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Barlow Available Now!

When Enoch and Associates hired Barlow over one hundred forty years ago, they granted him psychic powers, great wealth, and a long life. But the Powers that rule our planet use The Old Firm to victimize humanity, something Barlow cannot allow. Since he can’t oppose them directly, Barlow works to subvert their malicious cause. He is overmatched and he needs allies.

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Review: “Will Haunt You,” by Brian Kirk

Let’s just get this established right up front: Brian Kirk is a hell of a writer. He’s a gifted storyteller, but what’s more, he has mastered some of the subtler tools of horror. His characters are grounded and realistic, and his grasp of voice is perhaps his greatest gift, one that, incidentally, is also Stephen King’s secret weapon. When Kirk writes dialogue it’s crisp and lively, and when he brings us inside a character’s head (at one point, not to give too much away, quite literally) it feels rich and human. Kirk and King are both, I suspect, fantastic listeners, given their skill in evocation and the fleshing out of fictional persons.

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Shark Attack: Casper Van Poetry

Folks, you may not know this about me but I am also a poet. My review this week is a poetic reflection on this movie. Anything else, I would lose my shit. But I use the term “poetry” loosely here. Don’t you dare judge me. I watched this movie so you don’t have to. I am a god damn hero.

Port Amanzi Africa 

Guy marine biologist has device that makes sounds

Gets attacked by dudes

Exotic African beats and foggy shit

They slice his arm and throw him in

Florida, marine bio student

Casper is BFFs with Tom Brady IRL

Which makes total sense aesthetically

12 shark attacks in 3 months

Journal of Marine Biology WOW

Found dude’s watch in its liver??

1999 (remember the year)

Ernie Hudson = Ghostbusters

Fishing devastated by shark attacks

Finds out his buddy is dead in the most lethargic way ever

Blacktip

Red tide

Corinne= sister of dead dude

Any excuse for a brawl

American! You did good out there

Local tribe knows the deal

Thumper makes heartbeat-y sounds

Attracts sharks to corral them

Shady scientist smokes a lot and says “anytime”’ twice

What accents are these?? 

Catch one liver deformed 

Not even a white shark

Inflammation of the brain

Reverted back to primal instinct

Cells- dark spots- hormones because why?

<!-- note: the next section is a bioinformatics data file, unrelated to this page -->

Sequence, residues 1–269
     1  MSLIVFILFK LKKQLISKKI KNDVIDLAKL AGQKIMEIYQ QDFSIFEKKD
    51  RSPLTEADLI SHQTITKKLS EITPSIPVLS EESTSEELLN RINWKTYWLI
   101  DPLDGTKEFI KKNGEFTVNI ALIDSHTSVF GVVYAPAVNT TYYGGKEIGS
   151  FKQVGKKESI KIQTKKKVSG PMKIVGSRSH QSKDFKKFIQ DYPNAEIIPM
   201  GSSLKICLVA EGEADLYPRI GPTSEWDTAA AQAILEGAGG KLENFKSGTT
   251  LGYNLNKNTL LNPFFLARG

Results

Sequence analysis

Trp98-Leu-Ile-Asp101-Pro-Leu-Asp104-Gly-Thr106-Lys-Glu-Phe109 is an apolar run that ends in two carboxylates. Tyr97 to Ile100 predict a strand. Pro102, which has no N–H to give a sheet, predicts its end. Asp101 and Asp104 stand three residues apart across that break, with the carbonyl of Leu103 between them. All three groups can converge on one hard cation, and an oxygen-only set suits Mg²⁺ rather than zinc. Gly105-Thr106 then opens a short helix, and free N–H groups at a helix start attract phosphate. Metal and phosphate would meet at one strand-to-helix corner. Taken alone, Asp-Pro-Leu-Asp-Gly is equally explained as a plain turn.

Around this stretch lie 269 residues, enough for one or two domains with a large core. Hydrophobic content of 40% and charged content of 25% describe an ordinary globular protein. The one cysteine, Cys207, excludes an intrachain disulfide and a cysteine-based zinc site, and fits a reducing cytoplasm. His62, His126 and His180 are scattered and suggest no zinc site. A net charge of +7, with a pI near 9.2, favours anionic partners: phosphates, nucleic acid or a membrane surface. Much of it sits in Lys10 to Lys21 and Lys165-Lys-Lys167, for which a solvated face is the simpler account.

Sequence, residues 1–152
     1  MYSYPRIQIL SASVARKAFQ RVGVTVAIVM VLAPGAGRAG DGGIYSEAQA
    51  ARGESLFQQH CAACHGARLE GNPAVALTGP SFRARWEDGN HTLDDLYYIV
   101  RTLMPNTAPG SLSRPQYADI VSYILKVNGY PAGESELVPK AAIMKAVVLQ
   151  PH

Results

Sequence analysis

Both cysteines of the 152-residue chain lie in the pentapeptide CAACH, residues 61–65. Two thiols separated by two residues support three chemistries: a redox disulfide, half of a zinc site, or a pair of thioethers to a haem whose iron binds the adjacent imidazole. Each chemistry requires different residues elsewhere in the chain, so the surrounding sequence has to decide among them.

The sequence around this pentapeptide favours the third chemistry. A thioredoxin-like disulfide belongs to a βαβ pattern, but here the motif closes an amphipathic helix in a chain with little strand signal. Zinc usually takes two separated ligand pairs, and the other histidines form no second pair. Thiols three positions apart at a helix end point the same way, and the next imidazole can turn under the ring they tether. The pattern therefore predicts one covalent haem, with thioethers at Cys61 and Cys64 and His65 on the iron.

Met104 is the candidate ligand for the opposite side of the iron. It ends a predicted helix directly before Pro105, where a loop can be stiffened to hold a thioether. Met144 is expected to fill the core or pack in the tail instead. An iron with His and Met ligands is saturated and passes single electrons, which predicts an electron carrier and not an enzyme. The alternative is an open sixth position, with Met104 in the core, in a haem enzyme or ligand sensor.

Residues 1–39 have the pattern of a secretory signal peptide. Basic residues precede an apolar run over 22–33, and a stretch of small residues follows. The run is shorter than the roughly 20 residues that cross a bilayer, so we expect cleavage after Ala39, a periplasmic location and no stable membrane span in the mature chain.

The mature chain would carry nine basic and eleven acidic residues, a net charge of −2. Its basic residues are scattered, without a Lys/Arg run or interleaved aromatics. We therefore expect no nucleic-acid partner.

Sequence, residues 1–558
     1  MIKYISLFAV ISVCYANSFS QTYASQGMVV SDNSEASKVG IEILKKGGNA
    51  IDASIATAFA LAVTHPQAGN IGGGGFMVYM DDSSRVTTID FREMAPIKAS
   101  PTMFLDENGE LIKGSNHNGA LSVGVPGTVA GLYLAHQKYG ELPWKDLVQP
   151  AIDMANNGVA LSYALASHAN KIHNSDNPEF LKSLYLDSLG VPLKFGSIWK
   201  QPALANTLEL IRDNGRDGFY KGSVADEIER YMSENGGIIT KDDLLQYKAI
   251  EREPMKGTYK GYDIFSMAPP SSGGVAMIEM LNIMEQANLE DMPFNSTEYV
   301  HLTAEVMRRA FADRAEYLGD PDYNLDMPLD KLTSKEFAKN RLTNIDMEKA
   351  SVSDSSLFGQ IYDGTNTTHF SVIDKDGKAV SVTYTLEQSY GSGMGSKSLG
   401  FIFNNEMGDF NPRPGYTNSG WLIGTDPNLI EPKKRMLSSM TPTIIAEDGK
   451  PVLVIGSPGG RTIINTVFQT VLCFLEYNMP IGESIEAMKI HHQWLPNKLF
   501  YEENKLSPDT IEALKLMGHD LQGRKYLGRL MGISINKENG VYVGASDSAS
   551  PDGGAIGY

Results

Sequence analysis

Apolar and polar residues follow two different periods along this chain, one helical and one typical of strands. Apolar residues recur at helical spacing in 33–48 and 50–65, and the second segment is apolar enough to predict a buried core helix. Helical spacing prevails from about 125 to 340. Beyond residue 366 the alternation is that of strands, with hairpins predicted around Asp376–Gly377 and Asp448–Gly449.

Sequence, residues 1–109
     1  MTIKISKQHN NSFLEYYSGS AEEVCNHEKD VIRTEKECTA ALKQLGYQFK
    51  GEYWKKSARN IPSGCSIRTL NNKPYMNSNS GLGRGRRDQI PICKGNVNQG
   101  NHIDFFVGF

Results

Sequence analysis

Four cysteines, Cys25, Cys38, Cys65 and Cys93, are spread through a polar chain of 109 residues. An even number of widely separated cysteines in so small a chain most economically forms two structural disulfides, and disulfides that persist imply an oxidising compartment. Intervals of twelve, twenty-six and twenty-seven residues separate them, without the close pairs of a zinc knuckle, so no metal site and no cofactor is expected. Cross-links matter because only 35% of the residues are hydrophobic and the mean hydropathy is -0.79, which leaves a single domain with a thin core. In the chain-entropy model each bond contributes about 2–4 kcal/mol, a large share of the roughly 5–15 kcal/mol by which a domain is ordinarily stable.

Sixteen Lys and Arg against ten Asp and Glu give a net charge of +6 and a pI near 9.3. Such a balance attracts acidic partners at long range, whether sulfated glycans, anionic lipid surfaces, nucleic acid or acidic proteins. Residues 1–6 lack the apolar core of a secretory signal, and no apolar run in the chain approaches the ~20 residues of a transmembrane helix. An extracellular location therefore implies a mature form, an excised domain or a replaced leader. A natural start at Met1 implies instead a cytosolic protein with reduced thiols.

“Think of the shark system as an engine, if you drive it too hard or too fast it’ll burn out”

Cure for cancer

Synthetic growth hormones

The boy! He almost died but didn’t

Is he sharky now?

Kidnapped by bad guys

Casper and boring Corinne thrown into water like the first dude

Miraculously find an O2  tank

(We can afford one car crash make it good)

Bunch of gross patients

Abandoned by Dr Craven (smoking guy)

Only shark? WTF?

Break into lab

Come up with a totally ineffective way of dispatching bad guys

Trade with Corinne

And hotel guy wants to develop too many things

Oil

Oh like a twist 

Locals and action and shooting and what not

Fighting

Evil guys laughing a lot

They enjoyed feeding dude to the shark 

Bad financier guy shoots smoker scientist with harpoon

All the sudden he’s good guy, but not really

Helicopter fight with bad guy

Sharks only eat bad guy

Casper alone on a calm sea looking fabulous

Recommendation nope


Director: Bob Misiorowski, Mandy Branch (two of you and this is what you came up with?)

Where to watch: Amazon Prime

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Reed Alexander’s Horror Review of, the one, the only, ‘The Texas Chainsaw Massacre’ (1974)

A timeless legend

Lets talk about one of the greatest classics in the slasher genre. This movie set a standard that raised the bar far beyond what other slashers in the genre were ever capable. There was a level of unhinged insanity captured in this movie and the effect really deserves more credit than it ever gets.

As I previously explained about Friday the 13th (F13), the acting was abysmal, the premise laughable, and the overall execution was generic, but it was still fantastic and became the standard for slashers as a genre. That’s because The Texas Chainsaw Massacre (TTCM) was more than just some slasher. It predates both Halloween (1978) and F13 (1980), and basically blows both of the out of the water.